Madeleine Vionnet may not have achieved the same fame as Coco Chanel, Dior, Yves Saint Laurent, but her fashion genius and revolutionary design formed a landmark in fashion history. Her talent was widely recognized by other designers, and praised by Christian Dior himself, her bias cut and technique will come to influence many designers to come, such as Issey Miyake and John Galliano. She was a visionary, and a true talent, who invented the bias cut, whose innovative design continues to influence fashion today. In addition to her talent, she was also a successful fashion entrepreneurs having started her own brand, and at some point having 23 ateliers, and thousands of employees. In this week’s installment of fashion entrepreneurship series, we discover the entrepreneurial profile and key success factors that led to the creation of the Vionnet label.
Background: Born on 22 June 1876 into a poor family in Chilleurs-aux-Bois, Loiret, Vionnet moved with her father to Aubervilliers at the age of five. Having already left school, Vionnet began her apprenticeship at age twelve as a seamstress. After a brief marriage at age 18, she left her husband and went to London to work as a hospital seamstress. While in London, Vionnet worked as a fitter for the celebrated British dressmaker Kate Reily.
Entrepreneurial Profile: Vionnet was only 17 years old, when she joined the House of Vincent in Paris, and within two years she became the head seamstress. Later, she worked for Callot Souers and Jacques Doucet. She often clashed with other designers who employed her because she had a style and vision that was different from theirs. For instance, at Jacques Doucet she used barefoot models and loose garments, which was not in line with the house’s style. Eventually, she set up her own salon when she was 36 years old. However, the timing coincided with the outbreak of the First World War, which led her to close the businesses. She reopened after the war with a new look and a logo designed by the Italian Futurist artist Thayaht.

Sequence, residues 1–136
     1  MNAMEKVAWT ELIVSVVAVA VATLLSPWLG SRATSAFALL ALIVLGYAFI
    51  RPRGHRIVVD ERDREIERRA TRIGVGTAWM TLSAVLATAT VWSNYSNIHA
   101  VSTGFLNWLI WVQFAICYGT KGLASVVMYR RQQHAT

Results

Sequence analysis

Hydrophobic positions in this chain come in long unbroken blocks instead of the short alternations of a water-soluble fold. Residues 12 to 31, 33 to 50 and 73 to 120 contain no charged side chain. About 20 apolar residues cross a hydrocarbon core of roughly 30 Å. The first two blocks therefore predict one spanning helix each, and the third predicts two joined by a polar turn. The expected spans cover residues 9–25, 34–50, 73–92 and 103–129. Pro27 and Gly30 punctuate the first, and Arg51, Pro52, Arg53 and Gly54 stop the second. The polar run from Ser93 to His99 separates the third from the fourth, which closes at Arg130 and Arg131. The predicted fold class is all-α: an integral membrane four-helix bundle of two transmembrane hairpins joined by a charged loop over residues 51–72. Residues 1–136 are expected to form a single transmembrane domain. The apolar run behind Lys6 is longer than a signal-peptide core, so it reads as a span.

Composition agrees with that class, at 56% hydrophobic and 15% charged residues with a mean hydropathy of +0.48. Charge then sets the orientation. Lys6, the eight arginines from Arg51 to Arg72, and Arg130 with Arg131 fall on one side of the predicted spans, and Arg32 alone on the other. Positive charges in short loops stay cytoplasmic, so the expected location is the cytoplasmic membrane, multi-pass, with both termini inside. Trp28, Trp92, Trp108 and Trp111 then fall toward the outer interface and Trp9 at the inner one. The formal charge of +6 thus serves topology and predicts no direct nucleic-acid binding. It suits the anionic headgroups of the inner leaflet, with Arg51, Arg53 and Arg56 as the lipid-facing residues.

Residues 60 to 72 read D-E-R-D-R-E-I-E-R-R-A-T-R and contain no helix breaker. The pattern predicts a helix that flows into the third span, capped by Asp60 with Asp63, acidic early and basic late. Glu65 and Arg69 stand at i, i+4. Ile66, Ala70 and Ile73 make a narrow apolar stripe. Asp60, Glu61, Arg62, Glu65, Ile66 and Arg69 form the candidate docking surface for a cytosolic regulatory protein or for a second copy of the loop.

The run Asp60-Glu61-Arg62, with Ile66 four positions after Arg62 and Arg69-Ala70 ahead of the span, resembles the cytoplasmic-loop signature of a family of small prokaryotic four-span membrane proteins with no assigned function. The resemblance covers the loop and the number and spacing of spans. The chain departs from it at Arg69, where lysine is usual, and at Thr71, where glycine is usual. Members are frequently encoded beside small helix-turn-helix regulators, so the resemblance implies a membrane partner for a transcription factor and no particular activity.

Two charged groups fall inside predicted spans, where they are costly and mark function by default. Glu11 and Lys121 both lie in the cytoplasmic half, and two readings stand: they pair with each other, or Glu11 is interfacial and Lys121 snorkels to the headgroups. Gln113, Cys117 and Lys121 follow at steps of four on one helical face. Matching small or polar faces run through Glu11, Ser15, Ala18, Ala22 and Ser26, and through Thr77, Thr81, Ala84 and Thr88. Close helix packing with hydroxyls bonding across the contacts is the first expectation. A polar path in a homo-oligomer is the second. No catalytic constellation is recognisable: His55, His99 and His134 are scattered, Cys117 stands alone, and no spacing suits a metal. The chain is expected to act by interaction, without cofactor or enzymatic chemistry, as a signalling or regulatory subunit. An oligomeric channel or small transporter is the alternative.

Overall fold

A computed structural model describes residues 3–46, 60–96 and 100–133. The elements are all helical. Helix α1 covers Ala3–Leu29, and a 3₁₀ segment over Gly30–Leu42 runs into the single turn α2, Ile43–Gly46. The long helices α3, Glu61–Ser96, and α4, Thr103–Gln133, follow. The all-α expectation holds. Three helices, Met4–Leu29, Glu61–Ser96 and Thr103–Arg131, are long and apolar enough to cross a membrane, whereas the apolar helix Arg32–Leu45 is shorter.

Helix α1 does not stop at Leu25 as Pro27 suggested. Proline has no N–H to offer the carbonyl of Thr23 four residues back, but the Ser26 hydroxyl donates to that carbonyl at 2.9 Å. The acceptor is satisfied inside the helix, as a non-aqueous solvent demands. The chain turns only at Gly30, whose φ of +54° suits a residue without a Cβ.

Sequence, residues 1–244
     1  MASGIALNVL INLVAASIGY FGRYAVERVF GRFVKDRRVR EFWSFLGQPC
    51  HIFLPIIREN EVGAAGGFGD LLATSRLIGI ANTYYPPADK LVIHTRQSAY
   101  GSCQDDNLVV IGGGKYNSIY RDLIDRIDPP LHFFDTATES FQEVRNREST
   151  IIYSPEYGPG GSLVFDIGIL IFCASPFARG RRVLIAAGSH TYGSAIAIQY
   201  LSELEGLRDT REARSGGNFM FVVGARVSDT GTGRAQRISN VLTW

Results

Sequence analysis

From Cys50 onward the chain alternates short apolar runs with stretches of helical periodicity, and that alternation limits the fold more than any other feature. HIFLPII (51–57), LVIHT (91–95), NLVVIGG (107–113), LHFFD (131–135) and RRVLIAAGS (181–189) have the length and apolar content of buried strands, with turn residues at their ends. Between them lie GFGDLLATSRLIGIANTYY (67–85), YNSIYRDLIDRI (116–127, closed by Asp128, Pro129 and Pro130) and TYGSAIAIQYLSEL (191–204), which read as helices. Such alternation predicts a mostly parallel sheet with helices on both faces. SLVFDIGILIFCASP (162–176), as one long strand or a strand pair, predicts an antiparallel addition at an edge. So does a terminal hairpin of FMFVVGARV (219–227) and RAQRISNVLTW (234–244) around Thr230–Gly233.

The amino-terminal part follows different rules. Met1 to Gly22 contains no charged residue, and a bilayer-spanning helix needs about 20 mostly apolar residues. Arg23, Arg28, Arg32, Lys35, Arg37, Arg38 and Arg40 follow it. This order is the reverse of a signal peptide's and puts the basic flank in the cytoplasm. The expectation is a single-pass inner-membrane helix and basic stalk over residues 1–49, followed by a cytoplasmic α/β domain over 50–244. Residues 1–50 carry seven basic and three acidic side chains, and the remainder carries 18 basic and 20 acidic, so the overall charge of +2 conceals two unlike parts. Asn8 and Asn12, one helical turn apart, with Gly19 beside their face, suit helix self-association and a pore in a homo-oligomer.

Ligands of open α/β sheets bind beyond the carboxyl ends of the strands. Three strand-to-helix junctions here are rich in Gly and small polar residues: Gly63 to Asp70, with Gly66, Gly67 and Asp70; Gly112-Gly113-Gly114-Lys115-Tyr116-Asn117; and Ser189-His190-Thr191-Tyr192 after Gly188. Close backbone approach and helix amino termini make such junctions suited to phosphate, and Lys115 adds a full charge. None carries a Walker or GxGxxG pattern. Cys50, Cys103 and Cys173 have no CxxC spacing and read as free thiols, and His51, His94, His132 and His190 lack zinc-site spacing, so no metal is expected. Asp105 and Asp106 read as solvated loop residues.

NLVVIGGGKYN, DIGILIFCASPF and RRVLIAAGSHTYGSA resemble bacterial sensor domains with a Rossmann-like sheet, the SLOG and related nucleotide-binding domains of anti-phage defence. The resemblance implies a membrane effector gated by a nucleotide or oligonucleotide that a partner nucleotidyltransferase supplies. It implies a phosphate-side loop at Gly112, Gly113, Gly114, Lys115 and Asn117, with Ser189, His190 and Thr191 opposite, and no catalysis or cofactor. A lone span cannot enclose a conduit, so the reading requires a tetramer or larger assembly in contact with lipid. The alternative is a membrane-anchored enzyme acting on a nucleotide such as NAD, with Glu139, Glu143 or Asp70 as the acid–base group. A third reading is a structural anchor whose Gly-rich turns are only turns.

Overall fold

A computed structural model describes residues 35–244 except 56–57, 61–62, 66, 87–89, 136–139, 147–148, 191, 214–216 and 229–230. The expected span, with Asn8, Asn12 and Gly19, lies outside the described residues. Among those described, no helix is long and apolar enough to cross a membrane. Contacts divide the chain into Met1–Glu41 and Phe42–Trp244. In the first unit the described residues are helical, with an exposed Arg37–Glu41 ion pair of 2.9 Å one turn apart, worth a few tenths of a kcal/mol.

She was not only a talented designer but also an astute business owner, who has 21 workshops and pioneered practices such as providing dental and medical care, dining, and childcare facilities. She launched her first fragrance by using single letters, echoing her modern approach to fashion. She refused to sell her name and, despite having 21 ateliers, and a thriving business, she liquidated her assets, and donated they vast majority of her archive to the Union Francaise des Arts du Costume.
Key Success Factors: Alongside Coco Chanel, Vionnet is credited with a move away from stiff, formalized clothing to sleeker, softer clothes. Unlike her rival Chanel, Vionnet did not seek publicity and did not use her social network in order to further her business. In fact, she often remarked how much she disliked fashion with its seasonality and need to discard and create anew. She did, however, benefit immensely from the support of entrepreneur Theophile Bader, the co-founder of Galeries Lafayette, who played a decisive role in helping her business to grow and succeed.
In her designs, Vionnet eliminated everything except the finest fabric and the most exquisite cut, an approach that would influence generations of designers to come. She dispensed with the standard elements of accentuation and instead celebrated the female form. She was inspired by Greek drapery and modern dance, and she believed in fluidity and freedom of movement. Her key differentiation point and success factor was indeed her design, which looked uncomplicated on the surface but revealed a true genius. Her trademark – the bias cut – was her basis for these designs, and it made her one of the most celebrated designers, despite her not using marketing or publicity techniques. Her style and design answered to a demand that many women wanted and appreciated. Issey Miyake once remarked that on seeing Vionnet’s work for the first time, “the impression was similar to the wonder one feels at the sight of a woman emerging from bathing, draped only in a single piece of beautiful cloth.”